Photo courtesy Getty Images

Photo courtesy Getty Images

I like to think of myself as a pretty permissive guy. Live and let live, I usually say. If it’s not hurting or bothering you, than why do you care if people do it?

But I also like to think of myself as someone who follows common sense. And that is why I don’t feel like I’m reaching too far when I say maybe everyone in sports should just quit twitter.

It’s fun. Hell, it’s addicting. From one addict to another, I’ll give you that, but where’s the upside?

I mean we’ve heard all the stories that have made us roll our eyes. Falcons Wide Receiver Roddy White saying the jurors of the George Zimmermann Trial should go home and kill themselves. Johnny Manziel taking on his “haters” by posting pics of his Heisman trophy. And, now, most recently Lee Westwood’s rant yesterday morning.

So we know all too well how it can go wrong, but how can it go right? We know twitter can mar players careers, but has it ever helped them? I mean even one?

For athletes, twitter is the mysterious woman in a tiny black number sitting in the hotel bar. Sure, in theory, you could have a little fun and everything would  be fine, but you also could get caught with your pants down (more than one time, too, if you’re some guys).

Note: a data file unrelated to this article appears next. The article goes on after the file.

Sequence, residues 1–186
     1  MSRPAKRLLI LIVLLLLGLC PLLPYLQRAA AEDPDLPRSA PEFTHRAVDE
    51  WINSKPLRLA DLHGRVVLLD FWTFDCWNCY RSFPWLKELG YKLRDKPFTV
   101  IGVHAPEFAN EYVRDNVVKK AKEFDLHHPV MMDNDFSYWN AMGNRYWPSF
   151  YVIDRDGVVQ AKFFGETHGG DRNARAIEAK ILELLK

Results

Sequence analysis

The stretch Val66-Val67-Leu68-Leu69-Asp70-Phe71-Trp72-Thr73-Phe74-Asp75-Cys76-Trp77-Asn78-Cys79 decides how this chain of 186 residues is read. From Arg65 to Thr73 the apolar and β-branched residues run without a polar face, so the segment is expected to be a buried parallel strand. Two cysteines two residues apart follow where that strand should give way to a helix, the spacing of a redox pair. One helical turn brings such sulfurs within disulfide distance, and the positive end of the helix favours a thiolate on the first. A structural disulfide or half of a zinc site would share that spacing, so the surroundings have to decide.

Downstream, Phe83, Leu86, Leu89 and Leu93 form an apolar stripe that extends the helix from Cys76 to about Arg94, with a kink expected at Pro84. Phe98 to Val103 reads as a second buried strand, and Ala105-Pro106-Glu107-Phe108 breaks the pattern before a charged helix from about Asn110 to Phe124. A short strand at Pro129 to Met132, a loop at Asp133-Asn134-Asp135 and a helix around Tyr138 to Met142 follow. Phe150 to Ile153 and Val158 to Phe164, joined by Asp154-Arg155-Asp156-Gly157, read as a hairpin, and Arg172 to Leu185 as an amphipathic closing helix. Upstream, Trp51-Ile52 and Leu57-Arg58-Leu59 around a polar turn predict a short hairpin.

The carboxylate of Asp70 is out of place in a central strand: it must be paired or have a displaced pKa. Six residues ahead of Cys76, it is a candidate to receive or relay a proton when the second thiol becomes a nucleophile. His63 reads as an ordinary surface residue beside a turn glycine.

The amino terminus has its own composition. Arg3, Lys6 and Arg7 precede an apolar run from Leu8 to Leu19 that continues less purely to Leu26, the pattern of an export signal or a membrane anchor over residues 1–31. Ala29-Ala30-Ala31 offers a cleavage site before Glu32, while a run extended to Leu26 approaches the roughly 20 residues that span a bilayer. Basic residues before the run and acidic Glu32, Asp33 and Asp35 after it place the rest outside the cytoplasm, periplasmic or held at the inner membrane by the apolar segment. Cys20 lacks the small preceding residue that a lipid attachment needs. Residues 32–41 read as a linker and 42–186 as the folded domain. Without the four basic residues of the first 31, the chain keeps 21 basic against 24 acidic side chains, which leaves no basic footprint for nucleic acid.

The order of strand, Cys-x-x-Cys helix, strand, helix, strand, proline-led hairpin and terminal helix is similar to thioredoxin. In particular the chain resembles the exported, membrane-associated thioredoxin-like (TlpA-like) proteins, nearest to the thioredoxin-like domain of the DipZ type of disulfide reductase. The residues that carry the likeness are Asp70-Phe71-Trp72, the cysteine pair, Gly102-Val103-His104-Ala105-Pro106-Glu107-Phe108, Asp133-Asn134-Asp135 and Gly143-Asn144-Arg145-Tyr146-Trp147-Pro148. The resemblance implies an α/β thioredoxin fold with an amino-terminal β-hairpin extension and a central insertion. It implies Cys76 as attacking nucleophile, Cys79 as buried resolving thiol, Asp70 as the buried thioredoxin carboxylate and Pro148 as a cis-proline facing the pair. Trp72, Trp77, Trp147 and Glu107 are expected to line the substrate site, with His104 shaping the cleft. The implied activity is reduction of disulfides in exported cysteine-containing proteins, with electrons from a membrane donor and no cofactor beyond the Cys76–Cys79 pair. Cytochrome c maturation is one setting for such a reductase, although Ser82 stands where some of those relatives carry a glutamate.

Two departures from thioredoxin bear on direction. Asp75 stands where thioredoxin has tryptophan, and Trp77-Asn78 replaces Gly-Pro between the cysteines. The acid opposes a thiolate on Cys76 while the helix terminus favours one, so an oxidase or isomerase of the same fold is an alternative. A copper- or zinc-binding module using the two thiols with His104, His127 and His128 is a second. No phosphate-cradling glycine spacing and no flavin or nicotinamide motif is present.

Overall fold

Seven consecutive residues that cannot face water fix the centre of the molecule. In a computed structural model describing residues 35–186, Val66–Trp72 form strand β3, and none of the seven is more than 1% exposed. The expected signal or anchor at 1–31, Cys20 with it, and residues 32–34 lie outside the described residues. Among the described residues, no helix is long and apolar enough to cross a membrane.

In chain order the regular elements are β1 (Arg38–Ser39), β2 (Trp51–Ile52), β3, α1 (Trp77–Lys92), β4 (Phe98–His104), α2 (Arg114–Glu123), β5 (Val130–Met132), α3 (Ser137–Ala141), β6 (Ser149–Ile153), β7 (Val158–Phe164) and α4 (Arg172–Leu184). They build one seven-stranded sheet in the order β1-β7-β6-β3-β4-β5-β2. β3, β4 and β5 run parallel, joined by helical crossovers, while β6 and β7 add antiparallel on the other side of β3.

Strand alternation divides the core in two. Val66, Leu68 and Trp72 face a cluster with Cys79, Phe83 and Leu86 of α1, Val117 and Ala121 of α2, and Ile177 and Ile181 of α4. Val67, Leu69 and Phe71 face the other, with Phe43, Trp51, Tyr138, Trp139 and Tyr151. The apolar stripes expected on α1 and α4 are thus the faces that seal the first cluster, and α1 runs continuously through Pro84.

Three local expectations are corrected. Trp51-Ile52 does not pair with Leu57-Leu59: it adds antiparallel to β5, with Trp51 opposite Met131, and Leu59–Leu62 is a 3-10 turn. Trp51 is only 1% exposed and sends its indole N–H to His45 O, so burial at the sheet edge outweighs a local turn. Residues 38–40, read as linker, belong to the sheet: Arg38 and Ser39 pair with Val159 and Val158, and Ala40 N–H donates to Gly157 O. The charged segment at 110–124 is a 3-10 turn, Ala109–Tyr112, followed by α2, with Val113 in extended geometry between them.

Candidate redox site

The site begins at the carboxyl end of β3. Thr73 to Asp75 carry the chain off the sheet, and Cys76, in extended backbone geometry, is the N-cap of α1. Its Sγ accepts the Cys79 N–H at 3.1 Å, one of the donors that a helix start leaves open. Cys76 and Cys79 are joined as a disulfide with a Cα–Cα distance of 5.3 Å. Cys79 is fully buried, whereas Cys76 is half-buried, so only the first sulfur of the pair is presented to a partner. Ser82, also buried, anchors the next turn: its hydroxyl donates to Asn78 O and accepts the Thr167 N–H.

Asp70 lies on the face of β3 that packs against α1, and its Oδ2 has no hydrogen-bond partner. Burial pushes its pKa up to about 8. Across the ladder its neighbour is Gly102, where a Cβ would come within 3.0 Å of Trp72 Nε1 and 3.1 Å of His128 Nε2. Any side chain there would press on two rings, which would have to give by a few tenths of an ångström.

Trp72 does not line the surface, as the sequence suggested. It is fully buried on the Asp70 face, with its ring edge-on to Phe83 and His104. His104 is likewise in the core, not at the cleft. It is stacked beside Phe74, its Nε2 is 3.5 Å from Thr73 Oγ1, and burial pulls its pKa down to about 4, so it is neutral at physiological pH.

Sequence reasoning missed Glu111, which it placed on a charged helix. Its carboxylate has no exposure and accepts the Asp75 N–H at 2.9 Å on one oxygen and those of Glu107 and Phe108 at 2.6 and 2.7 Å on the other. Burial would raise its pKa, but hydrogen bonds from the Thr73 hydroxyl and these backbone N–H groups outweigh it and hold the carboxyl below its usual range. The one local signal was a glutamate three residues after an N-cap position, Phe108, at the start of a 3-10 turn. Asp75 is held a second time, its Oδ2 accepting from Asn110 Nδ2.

Why? That’s all I could thing as I read Lee Westwood’s barrage of tweets yesterday. Why are athletes on here? What happened to the days where surly and scorned players pissed and moaned to their buddies in a bar, not the world wide web?

And look, these guys that are getting in trouble with their twitter accounts aren’t saying the most heinous of things. In fact, most times they have a point or two. But sometimes being right doesn’t mean being IN the right.

How else can you explain Chris Bosh getting criticized for calling out Miami fair-weather basketball fans? Or T.J. Lang posting a phone number for Roger Goodell’s office following the replacement referee debacle on Monday Night Football?

That’s why, if you ask me, every athlete, coach, executive, trainer, and anyone who could possibly represent a pro sports brand should hop off of Twitter immediately. There’s no upside here. You’re only flirting with disaster. Just think how our opinions of so many guys and gals in pro sports would be different had we not read their tweets?

So, sports stars, if you want to vent using your thumbs, text a buddy. Or, better yet, vent by using a different finger!

Just make sure there’s no cameras around. Because if there is, it’ll be trending immediately.

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When Bryan isn’t writing, he is on Twitter! Make sure to give him a follow @bclienesch for social media shenanigans!